Automating the use of citizen scientists’ biodiversity surveys in iNaturalist to facilitate early detection of species’ responses to climate change

Science Center Objects

A BioBlitz is a field survey method for finding and documenting as many species as possible in a specific area over a short period. The National Park Service and National Geographic Society hosted the largest BioBlitz survey ever in 2016; people in more than 120 national parks used the iNaturalist app on mobile devices to document organisms they observed. Resulting records have Global Positioni...

A BioBlitz is a field survey method for finding and documenting as many species as possible in a specific area over a short period. The National Park Service and National Geographic Society hosted the largest BioBlitz survey ever in 2016; people in more than 120 national parks used the iNaturalist app on mobile devices to document organisms they observed. Resulting records have Global Positioning System (GPS) coordinates, include biological accuracy assessments, and provide an unprecedented snapshot of biodiversity nationwide. Additional processing and analysis would make these data available to inform conservation and management decisions. This project developed a process to integrate iNaturalist data with existing species lists from national parks (fig. 2). This cross-referencing of citizen science data with species inventories helps to update taxonomic and species occurrence information and may detect species range shifts or new invasions. Further, this process can serve as the basis for incorporating other online databases and to increase engagement of the public in biodiversity stewardship.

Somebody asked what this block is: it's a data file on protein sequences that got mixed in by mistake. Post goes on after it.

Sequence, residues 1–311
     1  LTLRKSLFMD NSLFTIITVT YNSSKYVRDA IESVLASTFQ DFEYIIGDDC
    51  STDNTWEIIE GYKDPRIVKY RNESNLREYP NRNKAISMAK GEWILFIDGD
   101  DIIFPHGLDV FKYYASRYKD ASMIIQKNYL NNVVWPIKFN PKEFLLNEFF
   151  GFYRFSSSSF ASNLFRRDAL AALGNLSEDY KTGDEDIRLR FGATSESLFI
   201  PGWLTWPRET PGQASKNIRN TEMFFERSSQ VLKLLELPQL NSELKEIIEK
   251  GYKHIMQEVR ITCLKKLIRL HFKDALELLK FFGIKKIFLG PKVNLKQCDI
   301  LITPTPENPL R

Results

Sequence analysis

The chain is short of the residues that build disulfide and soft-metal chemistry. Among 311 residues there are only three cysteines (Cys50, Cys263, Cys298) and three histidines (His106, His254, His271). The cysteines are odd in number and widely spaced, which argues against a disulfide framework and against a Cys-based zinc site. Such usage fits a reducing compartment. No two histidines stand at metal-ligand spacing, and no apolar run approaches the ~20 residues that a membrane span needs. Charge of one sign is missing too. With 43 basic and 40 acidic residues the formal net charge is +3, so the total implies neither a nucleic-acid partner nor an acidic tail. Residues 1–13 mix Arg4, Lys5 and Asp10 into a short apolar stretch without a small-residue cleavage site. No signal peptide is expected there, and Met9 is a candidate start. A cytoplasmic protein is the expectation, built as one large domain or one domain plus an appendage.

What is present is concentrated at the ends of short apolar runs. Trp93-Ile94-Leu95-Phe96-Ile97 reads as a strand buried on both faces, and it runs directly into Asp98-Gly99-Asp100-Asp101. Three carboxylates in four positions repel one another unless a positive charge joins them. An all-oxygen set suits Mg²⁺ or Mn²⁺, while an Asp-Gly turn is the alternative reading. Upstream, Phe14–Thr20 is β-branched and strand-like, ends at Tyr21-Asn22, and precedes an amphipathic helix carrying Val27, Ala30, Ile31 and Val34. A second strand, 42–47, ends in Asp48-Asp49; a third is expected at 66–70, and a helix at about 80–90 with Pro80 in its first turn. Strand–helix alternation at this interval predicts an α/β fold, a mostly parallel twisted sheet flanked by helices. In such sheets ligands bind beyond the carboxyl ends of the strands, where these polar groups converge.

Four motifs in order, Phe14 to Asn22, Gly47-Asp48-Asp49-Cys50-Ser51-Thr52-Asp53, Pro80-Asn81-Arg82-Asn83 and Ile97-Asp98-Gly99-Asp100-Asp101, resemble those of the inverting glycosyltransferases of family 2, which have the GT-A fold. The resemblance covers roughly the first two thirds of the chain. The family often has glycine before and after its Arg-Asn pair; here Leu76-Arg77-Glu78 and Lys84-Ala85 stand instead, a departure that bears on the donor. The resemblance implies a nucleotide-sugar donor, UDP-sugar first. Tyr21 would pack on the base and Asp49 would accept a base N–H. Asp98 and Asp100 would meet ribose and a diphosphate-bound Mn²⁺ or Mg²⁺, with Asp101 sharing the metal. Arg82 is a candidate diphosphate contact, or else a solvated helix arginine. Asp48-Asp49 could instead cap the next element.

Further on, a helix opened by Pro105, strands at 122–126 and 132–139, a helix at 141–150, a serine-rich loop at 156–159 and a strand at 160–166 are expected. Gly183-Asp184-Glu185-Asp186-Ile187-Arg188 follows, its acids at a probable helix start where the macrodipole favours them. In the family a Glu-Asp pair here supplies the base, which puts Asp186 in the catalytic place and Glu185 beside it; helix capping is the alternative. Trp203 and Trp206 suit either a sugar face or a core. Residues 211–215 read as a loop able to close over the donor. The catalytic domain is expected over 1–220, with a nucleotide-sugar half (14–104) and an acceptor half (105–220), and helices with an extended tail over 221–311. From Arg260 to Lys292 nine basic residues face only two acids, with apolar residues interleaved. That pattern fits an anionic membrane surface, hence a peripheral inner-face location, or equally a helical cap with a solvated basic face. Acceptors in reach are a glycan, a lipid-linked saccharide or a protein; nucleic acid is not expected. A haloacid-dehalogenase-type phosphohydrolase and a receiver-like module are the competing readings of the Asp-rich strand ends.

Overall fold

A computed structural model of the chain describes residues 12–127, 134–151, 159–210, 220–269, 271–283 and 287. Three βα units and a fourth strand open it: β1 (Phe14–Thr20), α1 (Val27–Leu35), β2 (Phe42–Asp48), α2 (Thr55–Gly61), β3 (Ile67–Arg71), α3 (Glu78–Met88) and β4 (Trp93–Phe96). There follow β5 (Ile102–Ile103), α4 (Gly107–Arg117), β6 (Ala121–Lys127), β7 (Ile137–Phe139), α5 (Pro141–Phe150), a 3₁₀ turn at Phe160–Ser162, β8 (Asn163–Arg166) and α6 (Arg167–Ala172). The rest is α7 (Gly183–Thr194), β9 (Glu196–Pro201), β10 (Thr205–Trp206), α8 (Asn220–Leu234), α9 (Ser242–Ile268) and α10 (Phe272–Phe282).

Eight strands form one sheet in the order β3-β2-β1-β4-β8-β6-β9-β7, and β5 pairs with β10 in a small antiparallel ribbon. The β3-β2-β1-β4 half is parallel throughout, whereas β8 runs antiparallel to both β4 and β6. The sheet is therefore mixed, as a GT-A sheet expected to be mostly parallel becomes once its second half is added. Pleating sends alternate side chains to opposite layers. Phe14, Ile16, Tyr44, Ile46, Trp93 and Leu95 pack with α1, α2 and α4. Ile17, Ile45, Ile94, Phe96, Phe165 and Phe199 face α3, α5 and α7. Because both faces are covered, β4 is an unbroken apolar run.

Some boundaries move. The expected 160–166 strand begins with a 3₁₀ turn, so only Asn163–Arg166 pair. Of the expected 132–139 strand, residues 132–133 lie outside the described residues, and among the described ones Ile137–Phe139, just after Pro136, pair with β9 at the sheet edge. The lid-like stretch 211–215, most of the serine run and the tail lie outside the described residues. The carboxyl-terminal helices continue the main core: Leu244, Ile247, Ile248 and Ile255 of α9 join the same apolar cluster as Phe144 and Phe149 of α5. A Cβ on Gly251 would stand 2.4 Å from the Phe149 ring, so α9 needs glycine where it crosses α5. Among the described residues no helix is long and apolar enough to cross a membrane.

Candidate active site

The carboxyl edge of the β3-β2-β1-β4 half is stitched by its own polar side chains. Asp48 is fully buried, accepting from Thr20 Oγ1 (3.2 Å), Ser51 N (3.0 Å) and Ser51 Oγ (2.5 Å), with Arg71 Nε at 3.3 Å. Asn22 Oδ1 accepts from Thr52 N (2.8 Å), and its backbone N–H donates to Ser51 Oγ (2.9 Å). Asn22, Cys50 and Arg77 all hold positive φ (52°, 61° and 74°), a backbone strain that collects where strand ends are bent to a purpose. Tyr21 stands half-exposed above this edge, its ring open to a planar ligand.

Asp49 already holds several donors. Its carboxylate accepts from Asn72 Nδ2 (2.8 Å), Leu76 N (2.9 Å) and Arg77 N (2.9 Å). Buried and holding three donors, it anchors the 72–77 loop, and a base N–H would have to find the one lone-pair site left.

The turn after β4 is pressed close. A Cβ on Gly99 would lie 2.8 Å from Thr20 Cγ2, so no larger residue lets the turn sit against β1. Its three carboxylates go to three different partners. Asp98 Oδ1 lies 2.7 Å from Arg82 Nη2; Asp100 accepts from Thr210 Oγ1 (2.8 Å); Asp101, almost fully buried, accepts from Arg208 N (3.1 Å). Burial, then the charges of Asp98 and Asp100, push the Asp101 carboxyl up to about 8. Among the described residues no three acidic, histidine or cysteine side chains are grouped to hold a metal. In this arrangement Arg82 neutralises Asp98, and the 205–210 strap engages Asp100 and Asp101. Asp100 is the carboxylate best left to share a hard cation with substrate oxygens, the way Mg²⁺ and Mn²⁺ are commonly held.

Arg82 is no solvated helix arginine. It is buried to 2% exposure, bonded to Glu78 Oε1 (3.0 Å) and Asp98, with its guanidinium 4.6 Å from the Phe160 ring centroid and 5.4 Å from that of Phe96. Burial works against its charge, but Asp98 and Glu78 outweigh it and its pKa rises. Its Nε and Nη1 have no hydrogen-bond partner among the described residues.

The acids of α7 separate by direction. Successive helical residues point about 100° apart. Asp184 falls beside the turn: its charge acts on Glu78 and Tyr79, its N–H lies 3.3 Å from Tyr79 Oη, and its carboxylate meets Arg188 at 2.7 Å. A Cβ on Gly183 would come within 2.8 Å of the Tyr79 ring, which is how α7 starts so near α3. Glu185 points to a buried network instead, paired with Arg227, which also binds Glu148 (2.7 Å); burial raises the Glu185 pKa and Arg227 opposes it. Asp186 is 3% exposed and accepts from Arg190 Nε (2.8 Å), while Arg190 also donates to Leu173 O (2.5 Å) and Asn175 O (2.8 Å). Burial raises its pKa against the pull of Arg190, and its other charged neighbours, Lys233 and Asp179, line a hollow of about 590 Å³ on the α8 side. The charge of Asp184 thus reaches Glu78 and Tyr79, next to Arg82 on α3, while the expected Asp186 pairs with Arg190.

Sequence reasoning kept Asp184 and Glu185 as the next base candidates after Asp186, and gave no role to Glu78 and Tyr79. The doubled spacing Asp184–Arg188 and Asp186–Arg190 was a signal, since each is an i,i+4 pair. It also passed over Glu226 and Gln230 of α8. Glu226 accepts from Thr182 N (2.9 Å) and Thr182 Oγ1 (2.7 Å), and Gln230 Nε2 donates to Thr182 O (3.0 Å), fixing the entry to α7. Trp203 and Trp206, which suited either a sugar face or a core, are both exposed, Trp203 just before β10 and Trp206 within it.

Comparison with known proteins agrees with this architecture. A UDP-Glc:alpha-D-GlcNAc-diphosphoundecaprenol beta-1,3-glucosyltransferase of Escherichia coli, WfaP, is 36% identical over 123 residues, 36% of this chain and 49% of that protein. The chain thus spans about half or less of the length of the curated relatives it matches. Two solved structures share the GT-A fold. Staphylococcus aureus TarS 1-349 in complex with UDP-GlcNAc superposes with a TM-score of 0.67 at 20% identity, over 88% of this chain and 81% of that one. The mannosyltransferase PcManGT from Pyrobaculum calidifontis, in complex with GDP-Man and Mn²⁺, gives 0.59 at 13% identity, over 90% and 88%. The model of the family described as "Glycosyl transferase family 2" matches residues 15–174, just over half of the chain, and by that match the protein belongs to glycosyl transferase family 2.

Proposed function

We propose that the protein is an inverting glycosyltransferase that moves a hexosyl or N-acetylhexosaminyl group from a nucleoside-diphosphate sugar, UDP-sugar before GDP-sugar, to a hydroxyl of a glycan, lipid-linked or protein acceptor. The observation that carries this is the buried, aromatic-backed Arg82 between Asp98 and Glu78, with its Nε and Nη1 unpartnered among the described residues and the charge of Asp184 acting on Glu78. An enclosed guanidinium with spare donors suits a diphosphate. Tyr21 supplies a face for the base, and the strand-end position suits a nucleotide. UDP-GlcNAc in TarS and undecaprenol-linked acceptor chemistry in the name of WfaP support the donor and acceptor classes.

Project Report

1. Developed and tested new computer code, named TaxaTaxi

  • The TaxaTaxi code compares taxonomic observations from online biodiversity databases to information about known biodiversity for a particular area. The code outputs information on potential taxonomic updates, proportions of biodiversity observed, and potential new species detections for national parks or other defined areas that may indicate species range expansion. For this CDI-awarded project, we focused on iNaturalist and NPSpecies databases.
  • To test and refine our code, we compared TaxaTaxi output to results for 9 national parks for which we ‘manually’ compared NPSpecies and iNaturalist through close inspection of records. We also used the taxonomic expertise within our collaboration to inspect outputs from TaxaTaxi for possible further refinements.
  • We encountered several challenges inherent in working with species information from so many different park units. One of the solutions was to build in more flexibility to our TaxaTaxi code, to allow end-users to filter and query based on their particular information needs.
  • That online biodiversity databases are updated and grow through a wide community of users is one of the reasons to access and utilize such publicly-available information. Challenges from using online data though include that internal rules for accuracy assessments or other definitions may change, or there can be greater restructuring that could prevent automated code functions from accessing the data.
  • Next steps in the development of TaxaTaxi include:
    1. Continued testing and refinement of the code, and potential migration to R